Return to the Sea
he current coterie of trendy indie-pop bands from Canada has done a masterful job of lyrical misdirection, their cheerfully egalitarian arrangements and occasional whiffs of pan-cultural mélange effectively masking dark or desperate subject matter. For the Arcade Fire, brim-filling orchestration covers up Win Butler’s regression into childhood fears and haunts, while Broken Social Scene’s multilayered symphonies often swallow whole their sometimes-seedy and strung-out syntax.
Montreal’s Islands is another maple flag outfit that turns the normally-symbiotic relationship between words and sound into an elaborate shell game. Rising from the ashes of the similarly twee Unicorns, Islands makes sweetly sun-kissed indie-pop that’s notably precious and fuzzy-feeling even next to the typical buoyancy of their neighbors up north. The remarkably involving nine-minute opener to their debut album, “Swans (Life After Death),” features a few actually fierce guitar licks and some rare full-on rocking, but it’s the exception to the rule of chirpy pop confections like “Volcanoes,” “Where There’s a Will There’s a Whalebone” and the brilliantly if confoundingly-titled “Don’t Call Me Whitney, Bobby.” The cuteness factor reaches its apex with the irresistible “Jogging Gorgeous Summer,” a lightly-spritzing calypso-flavored ditty that would fit perfectly in a Disney film, soundtracking a scene where tiny woodland creatures bustle hither and fro.
Then again, these hypothetical chipmunks and bunny rabbits might be more akin to the Satan-worshipping critters in that emotionally-scarring South Park episode from last year. That’s because the sugar Islands spins out in the music turns to poison when they speak. No, it’s not Necro or G.G. Allin, but it’s still noticeably discomfiting to try and blithely sing along to some of these less-than-snuggly lyrics. Sometimes it’s just a line or two that hints at chaos—“I woke up thirsty the day I died” from “Swans” or the destructive imagery of “Volcanoes,” where “a hot rainfall made of magma melts Alaska.” “Human” ratchets up the tension with its rhetoric of resistance and struggle (“Should we mobilize / Take them by surprise”) while the aforementioned “Whitney” might be about anorexia, maybe Whitney’s herself (“bones bones brittle little bones”…“did you eat?”). Ultimately, however, it’s “If” and “Whalebone” where the disconnect is most obvious, the former a subtly despairing song suggesting fatal attraction, with lead singer Nick Diamonds gently threatening “if you don’t savor me / I’ll salt you make you savory,” while the latter finds him guarding a “tropical hideout” with tyrannical aggression, vowing “if anyone finds out I’ll put their lights out.”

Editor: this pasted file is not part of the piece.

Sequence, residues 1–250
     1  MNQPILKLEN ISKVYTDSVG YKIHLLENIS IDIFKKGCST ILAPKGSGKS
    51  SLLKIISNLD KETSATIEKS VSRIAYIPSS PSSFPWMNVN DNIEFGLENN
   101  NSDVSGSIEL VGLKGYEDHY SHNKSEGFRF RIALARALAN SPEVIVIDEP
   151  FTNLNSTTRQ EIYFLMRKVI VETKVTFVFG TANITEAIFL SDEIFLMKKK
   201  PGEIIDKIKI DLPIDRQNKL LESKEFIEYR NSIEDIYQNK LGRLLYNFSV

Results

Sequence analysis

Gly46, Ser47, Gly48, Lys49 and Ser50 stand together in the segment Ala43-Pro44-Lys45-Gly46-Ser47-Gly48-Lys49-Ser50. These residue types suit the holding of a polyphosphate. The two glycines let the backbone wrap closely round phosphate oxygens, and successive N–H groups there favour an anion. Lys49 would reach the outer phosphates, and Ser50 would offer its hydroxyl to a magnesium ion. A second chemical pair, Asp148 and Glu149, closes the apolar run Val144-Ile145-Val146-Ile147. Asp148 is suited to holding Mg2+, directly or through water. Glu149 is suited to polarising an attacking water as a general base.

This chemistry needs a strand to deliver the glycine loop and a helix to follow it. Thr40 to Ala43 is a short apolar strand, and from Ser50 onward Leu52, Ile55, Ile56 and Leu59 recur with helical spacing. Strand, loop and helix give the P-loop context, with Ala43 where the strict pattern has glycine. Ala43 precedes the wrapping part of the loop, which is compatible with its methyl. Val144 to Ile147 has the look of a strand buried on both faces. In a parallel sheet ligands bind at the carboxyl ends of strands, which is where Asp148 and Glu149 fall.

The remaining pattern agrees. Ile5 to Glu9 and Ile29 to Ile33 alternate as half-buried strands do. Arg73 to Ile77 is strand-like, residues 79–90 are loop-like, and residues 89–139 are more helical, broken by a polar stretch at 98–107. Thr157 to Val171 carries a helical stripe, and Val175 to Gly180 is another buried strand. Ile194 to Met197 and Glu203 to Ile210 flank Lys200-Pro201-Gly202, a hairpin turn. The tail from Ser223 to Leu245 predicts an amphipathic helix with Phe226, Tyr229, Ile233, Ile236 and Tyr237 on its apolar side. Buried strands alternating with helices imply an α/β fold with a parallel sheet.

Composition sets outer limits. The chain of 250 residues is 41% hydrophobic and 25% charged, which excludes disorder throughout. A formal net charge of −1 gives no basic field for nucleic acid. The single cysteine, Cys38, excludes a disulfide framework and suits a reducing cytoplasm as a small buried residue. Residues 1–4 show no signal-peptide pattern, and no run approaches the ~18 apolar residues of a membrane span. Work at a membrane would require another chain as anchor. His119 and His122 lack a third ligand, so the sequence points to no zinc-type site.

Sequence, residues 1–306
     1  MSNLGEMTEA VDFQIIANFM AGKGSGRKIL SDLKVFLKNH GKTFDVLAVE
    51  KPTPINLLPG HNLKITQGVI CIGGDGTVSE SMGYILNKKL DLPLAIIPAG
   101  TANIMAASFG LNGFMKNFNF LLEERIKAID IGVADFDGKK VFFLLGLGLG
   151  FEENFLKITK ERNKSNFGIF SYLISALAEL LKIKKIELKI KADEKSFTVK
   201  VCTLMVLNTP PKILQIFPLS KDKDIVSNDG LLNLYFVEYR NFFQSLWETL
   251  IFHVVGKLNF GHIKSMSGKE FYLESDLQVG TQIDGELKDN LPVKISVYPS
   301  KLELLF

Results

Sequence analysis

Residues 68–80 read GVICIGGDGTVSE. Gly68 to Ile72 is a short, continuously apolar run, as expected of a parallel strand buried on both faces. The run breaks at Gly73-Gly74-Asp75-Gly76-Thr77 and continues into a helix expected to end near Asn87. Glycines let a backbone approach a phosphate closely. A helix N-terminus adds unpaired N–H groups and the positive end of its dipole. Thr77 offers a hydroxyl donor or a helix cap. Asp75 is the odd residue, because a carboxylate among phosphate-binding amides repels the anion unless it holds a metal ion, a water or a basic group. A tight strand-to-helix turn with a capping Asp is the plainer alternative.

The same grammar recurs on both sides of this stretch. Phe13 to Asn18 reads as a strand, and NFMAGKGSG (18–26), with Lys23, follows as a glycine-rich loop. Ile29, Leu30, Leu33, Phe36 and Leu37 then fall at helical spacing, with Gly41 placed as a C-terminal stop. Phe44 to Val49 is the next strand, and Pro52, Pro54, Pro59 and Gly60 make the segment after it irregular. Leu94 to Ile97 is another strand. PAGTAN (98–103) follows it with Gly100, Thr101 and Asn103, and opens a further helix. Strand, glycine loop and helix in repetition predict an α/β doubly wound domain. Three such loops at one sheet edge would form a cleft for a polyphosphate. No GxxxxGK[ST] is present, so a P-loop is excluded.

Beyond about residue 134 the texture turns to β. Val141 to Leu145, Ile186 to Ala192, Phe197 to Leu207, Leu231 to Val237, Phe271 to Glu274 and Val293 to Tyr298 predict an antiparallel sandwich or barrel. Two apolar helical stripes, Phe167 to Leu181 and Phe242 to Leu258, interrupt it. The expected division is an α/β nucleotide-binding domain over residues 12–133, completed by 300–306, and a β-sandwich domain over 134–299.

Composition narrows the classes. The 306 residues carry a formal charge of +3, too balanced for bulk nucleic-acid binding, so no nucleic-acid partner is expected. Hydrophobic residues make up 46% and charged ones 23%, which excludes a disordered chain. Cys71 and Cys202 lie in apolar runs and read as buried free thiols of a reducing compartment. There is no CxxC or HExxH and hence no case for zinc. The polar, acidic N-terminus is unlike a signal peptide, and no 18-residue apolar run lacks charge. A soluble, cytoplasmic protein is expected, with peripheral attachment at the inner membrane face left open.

Disbanding a group named after a mythical creature and then forming one called Islands invites an avalanche of armchair psychoanalysis. Actual islands are very much physically real (though typically equated with paradise and recreational bliss), but they’re also synonymous with separateness as well, ostensibly self-sustaining and inevitably standing alone. The band Islands embodies every aspect of that loaded referent, capturing the hazy allure of islands with their knee-weakening melodies, but also transmitting some of the insulated hostility inherent in those land masses with their suspiciously standoffish lyrics. Return to the Sea could have just been another pleasantly innocuous record from an indie-pop act with a few legitimate flaws (namely, they lack kissing cousin Of Montreal’s intimate understanding of dance and funk), but thanks to some subtly disquieting diction it’s almost as disturbingly memorable as a cuddly cartoon blood orgy.